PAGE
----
9. Optionally, discuss the reflection questions. If you have time and are so inclined, extend your conversation by discussing the questions provided at the end of each chapter.
  10. Offer a closing prayer of thanksgiving. Close the session with a short prayer of thanksgiving. Incorporate the highlights of the group’s shared experience and lift up any intentions that may have emerged from the group discussion. For example: “Lord, thanks for inviting us to walk with you in (the setting of the Gospel story) today. Thanks for showing us (whatever insights the group gleaned from its discussion). We lift up in a special way (any intentions related to the group discussion, such as someone’s need for spiritual or physical healing). We ask all this in your holy name. Amen.”

As always, encourage the practice of good group etiquette, ensuring that each person has ample time to speak and that no one dominates the conversation. Affirm the contributions of each person and discourage criticism of another person’s personal prayer experience.

In particular, avoid the temptation to delve into doctrinal or theological discussions of the validity of someone’s prayer experience—especially not in the group setting. Such discussions may be interesting and even important, but if they come to dominate the discussion, you are going to end up with a very different type of group. Worse, group members may spend more time “editing” their prayer than letting the Holy Spirit lead them.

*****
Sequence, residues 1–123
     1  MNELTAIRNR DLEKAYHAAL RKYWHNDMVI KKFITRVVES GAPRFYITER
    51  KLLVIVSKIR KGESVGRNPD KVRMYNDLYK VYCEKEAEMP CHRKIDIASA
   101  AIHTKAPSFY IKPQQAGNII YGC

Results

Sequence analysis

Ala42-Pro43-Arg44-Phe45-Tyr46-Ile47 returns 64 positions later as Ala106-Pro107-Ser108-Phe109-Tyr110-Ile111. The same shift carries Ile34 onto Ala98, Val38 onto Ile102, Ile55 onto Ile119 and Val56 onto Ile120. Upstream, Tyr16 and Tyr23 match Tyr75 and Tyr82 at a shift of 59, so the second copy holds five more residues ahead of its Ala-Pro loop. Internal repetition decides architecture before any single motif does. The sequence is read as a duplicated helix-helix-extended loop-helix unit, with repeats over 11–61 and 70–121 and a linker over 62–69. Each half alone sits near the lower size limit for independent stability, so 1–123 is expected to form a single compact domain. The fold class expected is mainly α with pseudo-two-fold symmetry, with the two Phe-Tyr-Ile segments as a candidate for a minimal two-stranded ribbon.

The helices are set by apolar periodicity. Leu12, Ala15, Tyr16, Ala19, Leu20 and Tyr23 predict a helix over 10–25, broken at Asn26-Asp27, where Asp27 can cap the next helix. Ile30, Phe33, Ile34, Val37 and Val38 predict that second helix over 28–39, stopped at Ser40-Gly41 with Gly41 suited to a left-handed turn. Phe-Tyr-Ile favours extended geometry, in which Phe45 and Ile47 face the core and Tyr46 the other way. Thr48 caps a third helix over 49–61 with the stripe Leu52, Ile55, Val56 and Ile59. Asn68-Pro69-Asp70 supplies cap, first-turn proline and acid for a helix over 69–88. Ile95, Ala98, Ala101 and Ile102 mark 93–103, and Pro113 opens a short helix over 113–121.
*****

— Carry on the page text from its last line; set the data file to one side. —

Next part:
However, if someone suggests a scenario that you feel absolutely must be addressed in the group setting, address the issue succinctly, re-affirm the positive aspects of what the person shared, and move on.


Adaptations for “Quiet” Groups

Many people are reluctant to share their personal prayer experiences with others, especially in a group setting. That is not surprising; our spiritual lives touch the very heart of our identity, and imaginative prayer is a deeply personal encounter with Christ.

Sharing at that level of vulnerability requires confidence in oneself, as well as trust in others. You might find yourself with a “quiet” group if it includes:

  • young people
  • people who did not actively choose the experience (e.g., students in a classroom setting)
  • people who are new to the faith
  • people who do not feel confident in their prayer life
  • people who are naturally shy

If you expect to be introducing imaginative prayer to people who may be uncomfortable with sharing their experience, adapt the session outline above to meet them where they are. Here are some suggestions:

  • Give permission to not share. Mention up front—in announcements for the group and at the first session—that while sharing is encouraged, no one will be forced to share.
  • Build group trust. As noted above, trust is key to helping people feel comfortable sharing in a group. For this reason, if you want to introduce imaginative prayer to a group that has gathered for a different purpose (a religious education program, for example, or a weekend retreat), it may be prudent to schedule the imaginative prayer experience for later in the program. If you have time, you can also have the group do various icebreakers and trust-building exercises before tackling the imaginative prayer experience.
  • Model sharing. Instead of skipping the sharing step altogether, share your own prayer experience in order to provide a living example of what imaginative prayer might look like, at least for you. If possible, find a collaborator—some brave individual willing to share his experience with the group. (Approach the person ahead of the session—you do not want to put anyone on the spot.) Ideally, your collaborator will have a different approach to imaginative prayer than you do, demonstrating that there is no one “right” way to enter the Gospel in imaginative prayer.